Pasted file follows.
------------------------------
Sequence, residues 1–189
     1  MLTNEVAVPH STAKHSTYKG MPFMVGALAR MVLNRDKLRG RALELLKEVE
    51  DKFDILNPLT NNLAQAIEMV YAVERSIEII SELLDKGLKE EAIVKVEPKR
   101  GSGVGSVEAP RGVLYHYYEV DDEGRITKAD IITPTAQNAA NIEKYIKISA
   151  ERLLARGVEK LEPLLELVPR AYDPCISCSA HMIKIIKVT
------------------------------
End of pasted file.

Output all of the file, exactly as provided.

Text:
Sequence, residues 1–189
     1  MLTNEVAVPH STAKHSTYKG MPFMVGALAR MVLNRDKLRG RALELLKEVE
    51  DKFDILNPLT NNLAQAIEMV YAVERSIEII SELLDKGLKE EAIVKVEPKR
   101  GSGVGSVEAP RGVLYHYYEV DDEGRITKAD IITPTAQNAA NIEKYIKISA
   151  ERLLARGVEK LEPLLELVPR AYDPCISCSA HMIKIIKVT